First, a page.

Global corporate tax plan gains momentum as nations seek post-pandemic windfall, but will poor countries lose out?
- US President Joe Biden’s administration has proposed a 21 per cent minimum global corporate tax, but headwinds could make a midyear target for the plan difficult to achieve
- World Bank chief expresses concerns that the ‘high’ minimum tax rate proposed for businesses would impede ability of developing nations to attract investment
Economic crises often spur breakthroughs, and this may again prove to be the case as a long-delayed plan to overhaul global corporate taxes gains momentum.
Group of 20 (G20) finance ministers and central bank governors added impetus to the plan on Wednesday, stating that they are committed to reaching a deal on a global minimum corporate tax by midyear.
Further progress came on Thursday when the Financial Times reported the United States calling for multinational companies to pay taxes based on sales in each country, regardless of whether they have a physical presence there – including US tech companies – a concession demanded by some nations.
With the US throwing its weight behind the plan this week, while Germany and France signalled their support, prospects for a deal look better than at any time in recent history.
“The political winds have shifted notably” in favour of a deal, said Frederic Neumann, co-head of Asian economic research at HSBC in Hong Kong.
“The pandemic has left a deep budgetary hole in many economies, straining public finances, [and] that may take years to fully repair.”
Ireland’s 12.5 per cent corporate tax rate has helped attract so much foreign direct investment from big US tech firms – including Google, Facebook and Twitter – that it has jokingly been called America’s 51st state.
By imposing a minimum global tax rate, countries hope to stem the loss of tax revenues to other jurisdictions with lower rates. After the mounting costs of the pandemic, they need those funds more than ever.
But it is not only developed nations that stand to gain. Developing country members of the G20 have moderately high taxes and will also have greater protection for their revenue, according to David Dollar, a senior fellow at the Brookings Institution in Washington who was formerly head of the World Bank in China.
“These latest propositions are very well aligned with India’s objectives,” said Akshay Mathur, head of the Geoeconomics Studies Programme at the New Delhi-based Observer Research Foundation.
“A distinct feature of India at the G20 since [Prime Minister Narendra] Modi came to power has been to fight terror financing and tax havens.”
Indonesia, too, is likely to support the plan, as it is constantly competing with Singapore, where corporate taxes are lower, according to Bhima Yudhistira Adhinegara, an economist with the Jakarta-based Institute for Development of Economics and Finance.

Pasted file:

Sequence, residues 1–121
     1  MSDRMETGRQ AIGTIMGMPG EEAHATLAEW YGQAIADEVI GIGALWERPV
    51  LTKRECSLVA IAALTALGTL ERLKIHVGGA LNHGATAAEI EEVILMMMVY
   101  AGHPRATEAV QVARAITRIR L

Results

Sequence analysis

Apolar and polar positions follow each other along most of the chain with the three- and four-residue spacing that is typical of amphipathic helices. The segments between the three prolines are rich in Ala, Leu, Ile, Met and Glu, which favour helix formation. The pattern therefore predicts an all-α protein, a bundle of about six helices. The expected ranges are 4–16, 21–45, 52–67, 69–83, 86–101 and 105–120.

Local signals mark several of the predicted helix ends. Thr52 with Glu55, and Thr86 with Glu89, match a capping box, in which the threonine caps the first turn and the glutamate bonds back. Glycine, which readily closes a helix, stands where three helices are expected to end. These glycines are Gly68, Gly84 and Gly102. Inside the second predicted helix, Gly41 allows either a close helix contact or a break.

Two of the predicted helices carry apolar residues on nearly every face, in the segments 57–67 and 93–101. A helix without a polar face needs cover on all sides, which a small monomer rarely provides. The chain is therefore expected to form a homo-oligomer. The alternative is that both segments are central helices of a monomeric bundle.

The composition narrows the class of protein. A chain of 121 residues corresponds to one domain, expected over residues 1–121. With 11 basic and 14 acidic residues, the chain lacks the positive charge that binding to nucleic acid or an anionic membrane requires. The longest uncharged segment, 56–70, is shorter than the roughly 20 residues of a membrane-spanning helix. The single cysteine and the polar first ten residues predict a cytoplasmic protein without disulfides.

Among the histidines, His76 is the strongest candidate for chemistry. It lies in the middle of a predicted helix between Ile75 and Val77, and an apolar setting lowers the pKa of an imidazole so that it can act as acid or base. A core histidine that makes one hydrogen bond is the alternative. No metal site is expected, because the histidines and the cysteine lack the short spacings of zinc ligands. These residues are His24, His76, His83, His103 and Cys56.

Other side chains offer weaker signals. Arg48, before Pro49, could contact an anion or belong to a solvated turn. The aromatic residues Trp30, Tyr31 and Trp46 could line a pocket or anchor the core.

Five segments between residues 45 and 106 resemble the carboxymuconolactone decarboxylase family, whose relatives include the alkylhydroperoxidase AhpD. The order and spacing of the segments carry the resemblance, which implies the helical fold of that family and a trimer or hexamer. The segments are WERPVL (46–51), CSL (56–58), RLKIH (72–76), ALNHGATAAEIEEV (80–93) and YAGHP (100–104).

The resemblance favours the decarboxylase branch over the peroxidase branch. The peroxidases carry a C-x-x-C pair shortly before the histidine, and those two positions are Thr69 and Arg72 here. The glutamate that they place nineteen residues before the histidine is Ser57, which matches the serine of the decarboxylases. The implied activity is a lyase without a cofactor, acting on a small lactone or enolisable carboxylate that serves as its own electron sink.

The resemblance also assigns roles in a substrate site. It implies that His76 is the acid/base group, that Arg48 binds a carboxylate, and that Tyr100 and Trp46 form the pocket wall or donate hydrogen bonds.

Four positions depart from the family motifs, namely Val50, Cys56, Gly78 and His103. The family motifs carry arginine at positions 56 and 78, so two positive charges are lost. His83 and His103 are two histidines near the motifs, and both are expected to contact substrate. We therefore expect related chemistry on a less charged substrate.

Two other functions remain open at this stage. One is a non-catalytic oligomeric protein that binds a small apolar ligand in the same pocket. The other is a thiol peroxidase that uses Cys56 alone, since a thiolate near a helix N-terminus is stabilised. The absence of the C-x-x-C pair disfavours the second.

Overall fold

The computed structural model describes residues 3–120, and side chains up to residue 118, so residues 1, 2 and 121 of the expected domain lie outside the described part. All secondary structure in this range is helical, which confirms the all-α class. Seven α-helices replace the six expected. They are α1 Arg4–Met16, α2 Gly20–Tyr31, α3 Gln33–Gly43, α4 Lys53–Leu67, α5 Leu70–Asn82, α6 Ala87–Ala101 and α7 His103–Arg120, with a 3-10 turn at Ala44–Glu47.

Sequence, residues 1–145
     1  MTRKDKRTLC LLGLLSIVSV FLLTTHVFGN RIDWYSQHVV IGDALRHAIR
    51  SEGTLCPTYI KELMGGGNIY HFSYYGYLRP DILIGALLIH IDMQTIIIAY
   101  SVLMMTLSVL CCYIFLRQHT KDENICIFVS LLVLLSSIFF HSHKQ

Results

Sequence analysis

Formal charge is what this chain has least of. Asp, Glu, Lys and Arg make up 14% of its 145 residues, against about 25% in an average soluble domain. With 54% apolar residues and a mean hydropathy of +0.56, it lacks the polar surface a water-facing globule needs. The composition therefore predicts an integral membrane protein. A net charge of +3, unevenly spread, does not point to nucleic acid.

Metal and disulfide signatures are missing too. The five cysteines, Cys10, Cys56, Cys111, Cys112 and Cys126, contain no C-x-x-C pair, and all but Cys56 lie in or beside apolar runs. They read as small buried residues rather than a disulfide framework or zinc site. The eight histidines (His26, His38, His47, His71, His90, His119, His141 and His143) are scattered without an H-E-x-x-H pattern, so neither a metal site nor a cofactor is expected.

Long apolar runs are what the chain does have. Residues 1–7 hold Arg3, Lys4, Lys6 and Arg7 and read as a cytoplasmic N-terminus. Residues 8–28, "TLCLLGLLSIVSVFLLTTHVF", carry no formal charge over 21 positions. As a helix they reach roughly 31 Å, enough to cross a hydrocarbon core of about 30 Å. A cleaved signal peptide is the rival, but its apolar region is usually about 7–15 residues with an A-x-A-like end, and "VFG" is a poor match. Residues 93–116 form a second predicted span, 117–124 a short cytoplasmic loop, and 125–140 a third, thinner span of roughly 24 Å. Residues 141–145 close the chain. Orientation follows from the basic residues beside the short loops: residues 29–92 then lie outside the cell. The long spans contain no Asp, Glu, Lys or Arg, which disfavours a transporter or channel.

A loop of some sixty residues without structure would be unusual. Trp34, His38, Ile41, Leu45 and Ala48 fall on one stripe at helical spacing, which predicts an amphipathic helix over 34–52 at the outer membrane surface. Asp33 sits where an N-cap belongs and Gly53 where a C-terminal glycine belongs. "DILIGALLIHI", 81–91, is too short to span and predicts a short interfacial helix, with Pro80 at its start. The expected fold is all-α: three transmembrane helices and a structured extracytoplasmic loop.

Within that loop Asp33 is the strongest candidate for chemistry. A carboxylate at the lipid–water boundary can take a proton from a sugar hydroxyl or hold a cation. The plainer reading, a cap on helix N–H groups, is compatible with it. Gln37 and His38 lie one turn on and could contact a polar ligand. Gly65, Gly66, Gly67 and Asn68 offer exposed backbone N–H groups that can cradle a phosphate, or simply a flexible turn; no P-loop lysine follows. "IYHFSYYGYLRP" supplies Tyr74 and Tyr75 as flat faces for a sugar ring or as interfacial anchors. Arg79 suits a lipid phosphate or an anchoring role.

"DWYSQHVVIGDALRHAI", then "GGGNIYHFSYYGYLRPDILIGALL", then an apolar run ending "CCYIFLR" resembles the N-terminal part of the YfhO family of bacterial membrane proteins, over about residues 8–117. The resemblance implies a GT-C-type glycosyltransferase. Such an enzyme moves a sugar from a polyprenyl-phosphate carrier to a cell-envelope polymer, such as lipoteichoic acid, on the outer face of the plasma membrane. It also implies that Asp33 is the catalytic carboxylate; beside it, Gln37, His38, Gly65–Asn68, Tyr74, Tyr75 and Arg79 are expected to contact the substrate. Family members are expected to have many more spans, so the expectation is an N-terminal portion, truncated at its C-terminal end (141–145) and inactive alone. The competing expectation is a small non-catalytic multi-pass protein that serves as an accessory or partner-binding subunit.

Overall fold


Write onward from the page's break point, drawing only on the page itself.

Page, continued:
“The finance ministry will likely welcome the proposal,” Bhima said. “The sooner this is adopted, the better, so that Indonesia doesn’t have to offer excessive tax incentives to attract investors.”
There are, however, significant headwinds still to navigate. And they may prove a test for the ambitious midyear target. In the US, taxation policy is made by Congress, and with Democrats and Republicans equally split in the 100-member Senate, Biden has minimal wiggle room on policy execution.
It also may be difficult to reach an agreement on the level of the tax. Biden’s administration proposes a 21 per cent minimum global corporate tax – much higher than the 12.5 per cent discussed in recent years by the Paris-based Organisation for Economic Cooperation and Development.
In Europe, Germany and France, which have among the highest corporate tax rates in the European Union, have clashed over the years with smaller members such as Hungary, Ireland and Cyprus, which use lower taxes to lure investment.
Irish Finance Minister Paschal Donohoe said at a news conference on Tuesday that he “has reservations” about a global minimum tax rate.
South Korea, meanwhile, remains non-committal towards the plan. The nation must be prudent and “take into account the fallout on competitiveness and investment”, vice finance minister Lee Eog-weon told journalists on Wednesday.
World Bank chief David Malpass also has reservations, telling the BBC that he did not want to see new rules that would inhibit poor countries’ ability to attract investment. The 21 per cent minimum proposed by the US “strikes me as … high”, he said.
Still, failing to reach a deal would leave nations to slug it out among themselves. There is already an ugly battle between nations over so-called digital services taxes.
Anger in European countries over American tech giants that earn revenues in their markets without paying taxes has prompted some nations to impose or threaten these digital services taxes. That, in turn, has prompted retaliatory threats from the US.
Such escalation, with individual countries imposing their own digital taxes, is “a nightmare situation” that would “make doing business globally incredibly difficult and costly”, said Peter Vale, a tax partner at Grant Thornton in Dublin.
For now, momentum toward finalising a deal appears to be strong, even as governments are busy battling the pandemic. Much haggling is inevitable in the months ahead, as negotiators strive to strike a balance for nations at vastly different stages of development.
“A major breakthrough would already occur if only the G20, or even just a subset of it, would sign up,” HSBC’s Neumann said. “International agreements of this sort are best built incrementally.”
Additional reporting by Kunal Purohit, Resty Woro Yuniar and Park Chan-kyong